This season, the NFL’s competition committee has focused on game officials asking them to strictly call out a player for taunt – language and actions that disrespect or demean an opponent. The first two weeks of the 2021 season saw an increase in taunt fouls, which sparked an uproar from fans, players, the media and other “hot” performers.
When the NFL emphasizes a point of importance, which involves multiple levels of communication with teams, including video, it is up to coaches and players to adapt. Before, it was legal to grab the face mask. A few years ago, everyone hated the point of emphasis on the passer, the players adjusted and things worked out. The weather is changing. The rules are changing. The points of emphasis change. When the NFL tells officials to throw the flag on taunts, they throw the flag or they’ll miss the playoffs or lose their jobs.
The NFL recorded 24 ejections in 2020, its fourth consecutive season with at least 20 ejections; since 1982 there have been 4 more seasons with 20 ejections, but none have been consecutive.
It is not a problem of regulation or arbitration, it is a problem of training and discipline.
Who wanted this point of emphasis?
Over the past couple of weeks, we’ve seen confusion over the timing of the Competition Committee and the NFL Players Association on this new point of taunt emphasis.
Atlanta Falcons President and CEO Rich McKay has chaired the influential Competition Committee for 24 years. He recently spoke of mockery. He said the NFLPA approached the competition committee about taunts, and he said other levels of football wanted the NFL to tackle taunts.
First of all, this point of emphasis has nothing to do with the No Fun League. Where people can ring us on the No Fun League, these are the rules of celebration. Taunt is another thing. Taunt tries to entice that other player into a type of activity that is not allowed in soccer. So, this year the first problem that came to our attention from the NFLPA was that there was too much player-on-player taunt activity, and there was too much of it on your face. Number 2: We meet with the NCAA every year, and the college coaches at the meeting say, “Hey, when are you going to end the taunts?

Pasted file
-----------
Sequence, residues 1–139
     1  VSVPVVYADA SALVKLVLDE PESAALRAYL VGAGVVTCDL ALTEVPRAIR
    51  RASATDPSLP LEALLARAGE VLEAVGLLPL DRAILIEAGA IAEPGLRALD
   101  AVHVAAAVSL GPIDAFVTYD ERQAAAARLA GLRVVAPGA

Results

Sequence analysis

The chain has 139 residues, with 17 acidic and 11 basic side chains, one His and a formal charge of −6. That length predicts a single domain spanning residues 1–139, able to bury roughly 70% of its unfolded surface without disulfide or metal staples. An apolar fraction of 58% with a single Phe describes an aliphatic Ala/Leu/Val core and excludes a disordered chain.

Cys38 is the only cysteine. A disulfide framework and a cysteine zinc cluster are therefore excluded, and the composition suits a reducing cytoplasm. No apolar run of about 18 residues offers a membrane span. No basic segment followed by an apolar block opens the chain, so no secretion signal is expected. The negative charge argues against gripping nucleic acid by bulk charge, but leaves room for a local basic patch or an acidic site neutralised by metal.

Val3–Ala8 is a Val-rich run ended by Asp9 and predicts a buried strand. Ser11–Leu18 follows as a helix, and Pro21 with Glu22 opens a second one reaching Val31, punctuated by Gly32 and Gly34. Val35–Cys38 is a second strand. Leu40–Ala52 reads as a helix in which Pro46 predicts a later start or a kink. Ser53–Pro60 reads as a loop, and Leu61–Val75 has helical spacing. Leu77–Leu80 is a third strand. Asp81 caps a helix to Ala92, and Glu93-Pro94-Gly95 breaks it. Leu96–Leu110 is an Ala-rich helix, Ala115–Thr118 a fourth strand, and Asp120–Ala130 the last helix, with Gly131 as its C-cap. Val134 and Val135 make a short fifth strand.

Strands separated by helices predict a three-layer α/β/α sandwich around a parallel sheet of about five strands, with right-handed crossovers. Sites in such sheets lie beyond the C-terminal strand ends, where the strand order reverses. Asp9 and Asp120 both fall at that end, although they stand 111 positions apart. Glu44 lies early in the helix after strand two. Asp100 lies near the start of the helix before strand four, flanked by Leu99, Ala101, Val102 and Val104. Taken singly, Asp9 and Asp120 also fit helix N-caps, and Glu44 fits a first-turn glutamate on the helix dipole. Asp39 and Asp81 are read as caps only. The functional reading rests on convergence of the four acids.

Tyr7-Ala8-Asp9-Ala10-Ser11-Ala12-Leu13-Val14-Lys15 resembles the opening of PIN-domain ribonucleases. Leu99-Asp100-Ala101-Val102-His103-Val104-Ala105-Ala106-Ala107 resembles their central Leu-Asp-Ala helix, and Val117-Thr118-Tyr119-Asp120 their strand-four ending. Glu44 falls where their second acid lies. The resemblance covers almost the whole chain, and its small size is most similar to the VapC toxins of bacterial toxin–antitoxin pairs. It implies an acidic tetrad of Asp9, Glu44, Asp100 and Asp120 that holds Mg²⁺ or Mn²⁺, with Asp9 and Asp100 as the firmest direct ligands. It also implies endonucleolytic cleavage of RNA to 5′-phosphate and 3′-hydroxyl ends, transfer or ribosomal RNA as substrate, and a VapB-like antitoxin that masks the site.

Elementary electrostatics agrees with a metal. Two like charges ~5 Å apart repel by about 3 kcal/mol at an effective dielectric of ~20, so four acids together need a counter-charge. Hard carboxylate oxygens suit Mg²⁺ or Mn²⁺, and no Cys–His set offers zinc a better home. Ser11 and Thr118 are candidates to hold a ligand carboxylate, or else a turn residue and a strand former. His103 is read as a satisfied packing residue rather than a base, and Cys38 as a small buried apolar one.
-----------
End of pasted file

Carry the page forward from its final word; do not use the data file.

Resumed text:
This statement was apparently news for the NFLPA. In a statement, NFLPA President JC Tretter refuted McKay’s statement.
It is frustrating to read comments like those reported last week that the NFLPA was the one who wanted this change. I can assure you, as a participant in the competition committee meeting myself, that was not the case. On the contrary, we would be in favor of immediately removing this point of emphasis.
The fans appreciate the intensity and raw emotion that our players show on the pitch; and the overwhelming majority of the time, players understand the line between this emotion and bad sportsmanship. For example, a while ago the league banned the celebration of the throat hit, which made sense. It was easily applied and clear to everyone. But as we saw in a Colts preseason game – and a number of other preseason games – this attempt to control the “taunts” is going to be a weekly problem that takes the spirit of the game away. .
This year, don’t blame the players who show too much emotion and give the referees a break for doing their job. Blame the people who push for rules like this time and time again.
Tretter ended his comments by asking fans to let NFL management know what they thought of the focus point.
And, it was okay for him to ask fans to take officials off for applying the taunts the way the NFL wants them to.
We now have competing “truths” between the NFLPA and the NFL Competition Committee. Officials report to management, and management wants taunts enforced.
Sometimes the points of emphasis simply disappear.
Or, officials ‘supervisors provide advice and review (or revocation) to officials’ staff.
Or, players will adjust to the point of emphasis, the number of flags will decrease, and it will no longer be a problem for Thanksgiving.
But, as it stands this week, taunts will be a hot topic as we turn the calendar page to October.